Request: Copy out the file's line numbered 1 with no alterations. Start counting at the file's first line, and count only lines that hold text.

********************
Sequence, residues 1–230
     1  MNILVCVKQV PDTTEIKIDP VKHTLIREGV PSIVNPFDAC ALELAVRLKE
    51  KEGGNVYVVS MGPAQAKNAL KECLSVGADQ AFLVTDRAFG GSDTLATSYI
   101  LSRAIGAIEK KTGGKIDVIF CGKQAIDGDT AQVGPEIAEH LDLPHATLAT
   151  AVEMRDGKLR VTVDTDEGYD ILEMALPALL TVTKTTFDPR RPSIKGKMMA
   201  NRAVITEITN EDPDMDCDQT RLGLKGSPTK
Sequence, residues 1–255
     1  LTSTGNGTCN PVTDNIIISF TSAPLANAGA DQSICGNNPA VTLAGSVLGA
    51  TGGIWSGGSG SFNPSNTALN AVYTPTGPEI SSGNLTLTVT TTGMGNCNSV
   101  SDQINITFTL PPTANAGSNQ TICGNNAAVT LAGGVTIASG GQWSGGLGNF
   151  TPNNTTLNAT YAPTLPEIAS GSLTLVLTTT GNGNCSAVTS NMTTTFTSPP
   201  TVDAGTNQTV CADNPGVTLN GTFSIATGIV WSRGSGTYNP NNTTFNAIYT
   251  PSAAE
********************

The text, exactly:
Sequence, residues 1–230